The bed-sheet meditation technique is, arguably one of the easiest ways to experience detachment from your body while meditating.
It’s a slight modification of “following the breath” which I believe makes it much easier to focus on the breath, but also get drawn into the floating sensation that leads to detachment.
It’s such a simple meditation technique, but it is so powerful.
I call it my, patent pending bed sheet meditation, for reasons that will become obvious when you watch the video.
I mention my thoughts on meditating outside in nature, so here’s the link if you’re interested in learning more.
This technique doesn’t even need to be a full, dedicated meditation session, you can literally do this for each breath you take throughout the day. So if you ever need to feel peace, just do a single breath and look for that floating feeling at the top of the breath.
This is a variation of the “Simple Breathing Meditation” but with an added strategy to help the mind focus.
I find this technique really effective. It’s still about as simple as meditations get, but the extra focus helps limit how much your mind wanders.
Bed-Sheet Meditation Theory
As with the “Simple Breathing Meditation“, the basic premise behind this meditation is that the breath is always present whether we are paying attention to it or not. So whenever our mind pulls us away from concentrating on the breath, inevitably we will notice at some point, and are able to easily come back to it.
There’s a point during every breath (whether meditating or not), where the air pauses briefly before reversing direction.
So the simple breathing meditation focuses on the airflow itself, while this medication focuses on the “NOT breath”. That little pause at the top of the in-breath.
It’s phenomenally powerful.
So how do we focus on that pause?
We use a little visualization technique to draw attention to it. I call it, “The Remarkable Bedsheet Technique”.
Why remarkable? Because it’s remarkably simple and remarkably effective. It’s remarkable in its simple effectiveness.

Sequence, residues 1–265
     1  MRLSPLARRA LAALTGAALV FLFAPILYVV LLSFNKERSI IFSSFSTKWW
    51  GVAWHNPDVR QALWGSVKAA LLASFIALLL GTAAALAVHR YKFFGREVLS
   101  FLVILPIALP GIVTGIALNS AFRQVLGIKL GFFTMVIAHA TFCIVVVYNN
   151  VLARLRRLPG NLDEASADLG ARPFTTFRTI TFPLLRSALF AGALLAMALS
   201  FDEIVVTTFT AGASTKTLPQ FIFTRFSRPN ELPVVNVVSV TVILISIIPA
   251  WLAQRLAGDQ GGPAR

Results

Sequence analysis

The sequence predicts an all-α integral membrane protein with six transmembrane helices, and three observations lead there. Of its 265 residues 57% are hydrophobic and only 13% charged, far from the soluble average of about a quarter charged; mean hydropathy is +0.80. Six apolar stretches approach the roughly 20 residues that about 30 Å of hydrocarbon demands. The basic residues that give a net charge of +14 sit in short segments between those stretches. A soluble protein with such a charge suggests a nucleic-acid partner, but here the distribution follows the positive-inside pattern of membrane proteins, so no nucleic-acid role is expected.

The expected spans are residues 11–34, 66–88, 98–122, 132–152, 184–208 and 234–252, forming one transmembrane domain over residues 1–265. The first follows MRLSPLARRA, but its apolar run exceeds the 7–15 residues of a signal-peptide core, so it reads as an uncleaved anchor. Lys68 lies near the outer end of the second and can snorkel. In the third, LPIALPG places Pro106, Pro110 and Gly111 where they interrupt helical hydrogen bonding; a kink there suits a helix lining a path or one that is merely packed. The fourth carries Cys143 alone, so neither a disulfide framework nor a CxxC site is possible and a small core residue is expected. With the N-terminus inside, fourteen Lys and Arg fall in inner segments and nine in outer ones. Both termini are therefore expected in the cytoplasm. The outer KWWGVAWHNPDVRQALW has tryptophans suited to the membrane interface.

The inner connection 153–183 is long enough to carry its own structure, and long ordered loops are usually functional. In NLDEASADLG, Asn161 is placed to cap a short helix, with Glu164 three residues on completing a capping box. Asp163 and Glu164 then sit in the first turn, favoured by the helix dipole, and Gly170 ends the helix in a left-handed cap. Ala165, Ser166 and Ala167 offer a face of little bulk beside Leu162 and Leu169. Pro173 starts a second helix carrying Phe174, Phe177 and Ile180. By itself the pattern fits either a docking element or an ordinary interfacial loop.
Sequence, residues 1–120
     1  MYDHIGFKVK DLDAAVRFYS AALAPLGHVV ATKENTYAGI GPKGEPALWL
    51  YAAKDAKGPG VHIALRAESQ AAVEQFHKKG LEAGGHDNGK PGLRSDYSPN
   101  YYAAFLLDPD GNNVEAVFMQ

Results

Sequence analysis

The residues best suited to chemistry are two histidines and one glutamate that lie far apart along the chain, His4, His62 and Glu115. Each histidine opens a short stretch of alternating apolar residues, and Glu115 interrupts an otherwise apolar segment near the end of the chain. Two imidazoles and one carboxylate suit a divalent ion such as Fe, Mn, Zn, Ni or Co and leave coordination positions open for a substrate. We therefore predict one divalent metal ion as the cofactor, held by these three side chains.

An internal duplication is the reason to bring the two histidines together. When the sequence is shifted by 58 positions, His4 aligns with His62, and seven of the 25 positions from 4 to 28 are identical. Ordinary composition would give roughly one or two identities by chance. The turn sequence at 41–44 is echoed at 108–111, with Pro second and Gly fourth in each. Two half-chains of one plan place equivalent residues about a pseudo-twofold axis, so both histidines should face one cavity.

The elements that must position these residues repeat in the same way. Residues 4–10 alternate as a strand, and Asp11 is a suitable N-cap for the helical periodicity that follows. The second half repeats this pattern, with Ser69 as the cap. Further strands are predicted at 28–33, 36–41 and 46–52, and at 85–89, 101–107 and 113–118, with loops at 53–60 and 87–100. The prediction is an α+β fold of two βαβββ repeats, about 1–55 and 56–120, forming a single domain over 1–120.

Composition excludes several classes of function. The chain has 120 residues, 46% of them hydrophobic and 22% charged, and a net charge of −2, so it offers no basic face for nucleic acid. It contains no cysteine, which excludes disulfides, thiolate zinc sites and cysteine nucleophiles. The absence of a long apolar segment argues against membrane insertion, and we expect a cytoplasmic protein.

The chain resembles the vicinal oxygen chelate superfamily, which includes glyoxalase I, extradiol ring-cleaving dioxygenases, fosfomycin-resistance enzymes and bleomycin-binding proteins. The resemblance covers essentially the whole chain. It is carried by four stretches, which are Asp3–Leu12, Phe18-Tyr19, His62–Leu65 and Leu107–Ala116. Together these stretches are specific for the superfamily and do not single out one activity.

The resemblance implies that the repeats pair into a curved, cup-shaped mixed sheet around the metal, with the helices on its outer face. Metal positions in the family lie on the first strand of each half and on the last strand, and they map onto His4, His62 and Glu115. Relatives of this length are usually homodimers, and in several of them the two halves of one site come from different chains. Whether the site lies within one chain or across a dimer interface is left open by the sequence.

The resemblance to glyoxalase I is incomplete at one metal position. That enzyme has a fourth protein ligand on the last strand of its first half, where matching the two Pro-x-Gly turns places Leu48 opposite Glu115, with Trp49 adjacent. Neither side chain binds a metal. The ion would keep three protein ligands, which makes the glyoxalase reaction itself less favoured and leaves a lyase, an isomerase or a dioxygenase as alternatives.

In a nutshell, you picture your breath as if it were a bedsheet being lofted onto a bed.
When you make your bed (I hope you make your bed), when you’re putting the flat sheet on, you loft it in the air and then let it gently float down onto the mattress. It usually takes me half a dozen attempts. My wife, first time every time. She’s that good 🙂
But basically you imagine your breath is like that bed sheet. As you get to the top of your in-breath, just watch it gently hover there momentarily and then follow it as it slowly starts to fall again on the out-breath.
That silence at the top of the breath is the gateway to the stillness you’re looking for. It’s so peaceful. So tranquil. You don’t even need to meditate to find it. It’s there during every breath.
If you haven’t already checked out the Meditation Boot Camp, I highly recommend starting there first to avoid some of the many pitfalls. This meditation assumes you already know how to set up your space, remove distractions, relax your body and get the fundamentals right.
Bed-Sheet Meditation Flow
- Set up your environment
- Sit in your favorite meditation posture
- Close your eyes
- Relax your body
- Take a few deep breaths in and out to signal to your body that you’re about to start
- Relax into a slow and natural breathing pattern
- When you’re ready, focus very carefully on that stillness at the top of each and every breath. Hold the stillness slightly and then follow it down into the out-breath. Picture your breath like the bed sheet, hovering motionless and then falling gently.
- Do this for as long as you like (15-20 minutes recommended)
- When you find your mind has wandered, gently bring it back to focusing on that stillness at the top of the breath
- When you are finished, slowly open your eyes and become aware of your surroundings
That’s it. It literally doesn’t get any easier than that. You don’t need anything special. You always have your breathing with you. If you don’t, you’ve got bigger problems.
Tips and Things to Look For
Gentle – I always say this, but be gentle with yourself. This is a new technique and might take some time. Don’t get upset if your mind wanders. Don’t criticize yourself when it does.
Stillness – obviously look for the stillness. The silence. Calm. Nothingness. The void. Don’t watch the breath, watch the “NOT breath”.
Expand the stillness – at each breath, try to notice the stillness a little before the top of the breath and a little after when it’s falling again. See the stillness for longer.
Don’t hold your breath – if you hold your breath, your throat tightens and introduces tension. But at the top of each breath just slow down and let it hover there gently. Your throat should not change shape for the in-breath or out-breath. No swallowing etc. Just relaxed.
Don’t focus on the breathing, focus on the gap – don’t follow the sensations of the air moving in your nose or throat, anticipate the stillness and watch that. Focus only on that.
Hold your body still – sometimes your body will want to float with the sensation. Whilst very pleasant, it introduces a lot of other sensations to distract you. Keep the body still and focus on the void.
Have fun and enjoy.
Leave comments below if you have any questions.